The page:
UMKC students work to promote positive dialogue following Ferguson unrest

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KANSAS CITY, Mo. -- Almost three weeks after the shooting death of Michael Brown in Ferguson, Mo., concerns still linger. Classes just resumed at the University of Missouri-Kansas City, and for some it was the first time they've seen their fellow students who are from the St. Louis area.

Students gathered Thursday night on campus for a rally to promote peace and awareness. There are many students at the school who are worried about their friends and family in St. Louis and Ferguson.

Some saw first-hand what happened in the days after Brown was shot, and the promoted a message of using words as opposed to violence.

“A lot of people were calling texting me when I was in St. Louis just making sure I was safe,” Danielle McFadden said.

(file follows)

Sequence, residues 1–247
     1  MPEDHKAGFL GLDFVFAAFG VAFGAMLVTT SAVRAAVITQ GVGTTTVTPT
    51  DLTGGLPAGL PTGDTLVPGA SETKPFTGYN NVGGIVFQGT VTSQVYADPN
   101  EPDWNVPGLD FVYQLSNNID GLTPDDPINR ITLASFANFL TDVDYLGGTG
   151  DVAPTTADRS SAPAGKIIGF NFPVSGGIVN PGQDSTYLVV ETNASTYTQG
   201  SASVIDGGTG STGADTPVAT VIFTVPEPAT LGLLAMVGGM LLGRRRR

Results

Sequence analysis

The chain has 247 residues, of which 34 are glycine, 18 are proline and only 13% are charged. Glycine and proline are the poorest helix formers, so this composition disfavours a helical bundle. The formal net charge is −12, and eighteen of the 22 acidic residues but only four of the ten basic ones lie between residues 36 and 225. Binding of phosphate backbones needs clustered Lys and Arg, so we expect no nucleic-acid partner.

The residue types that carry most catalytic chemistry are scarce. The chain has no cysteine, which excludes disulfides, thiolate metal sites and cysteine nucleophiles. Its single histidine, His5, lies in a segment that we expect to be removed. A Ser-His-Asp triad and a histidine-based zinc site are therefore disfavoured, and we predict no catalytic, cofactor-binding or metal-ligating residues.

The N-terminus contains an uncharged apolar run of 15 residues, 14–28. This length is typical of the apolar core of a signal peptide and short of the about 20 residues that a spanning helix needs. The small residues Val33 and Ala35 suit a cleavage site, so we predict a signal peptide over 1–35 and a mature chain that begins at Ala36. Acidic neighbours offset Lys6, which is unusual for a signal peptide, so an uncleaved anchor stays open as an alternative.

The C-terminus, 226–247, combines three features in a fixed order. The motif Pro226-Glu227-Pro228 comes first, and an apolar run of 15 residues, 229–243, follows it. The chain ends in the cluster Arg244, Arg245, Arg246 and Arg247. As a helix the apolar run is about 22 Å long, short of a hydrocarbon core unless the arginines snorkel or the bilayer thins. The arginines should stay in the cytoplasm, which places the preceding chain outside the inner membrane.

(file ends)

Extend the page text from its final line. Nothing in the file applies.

McFadden was torn when it was time to return to class a UMKC, and she wasn't alone.

“A lot of us are from St. Louis, so it's something that a lot of us experienced before we came back to school, it was very hard for us to leave knowing that it was the way it was,” she said.

McFadden and fellow senior Carly Jones thought it was important to bring the Ferguson discussion to campus. They organized a program with speakers, one a student from Ferguson, as well as the campus police chief. The idea was to promote dialogue.

“We wanted a positive event to show that UMKC students care and we are here to support and we really wanted to make a difference,” Jones said.

Jones and McFadden were floored by the turnout, they didn't know what to expect. When the march began, they were overjoyed to see their fellow students getting involved. They want to see more involvement, but in a peaceful way.

“No more negativity we want everything to be peaceful, we want college students to understand they have a voice, they don’t have to resort to violence and things like that, it's have a voice, you have it use it,” McFadden said.

McFadden and Jones say this is just the first of many gatherings to come. With so much unknown and unresolved in Ferguson, she wants fellow students to have a place to use their voices.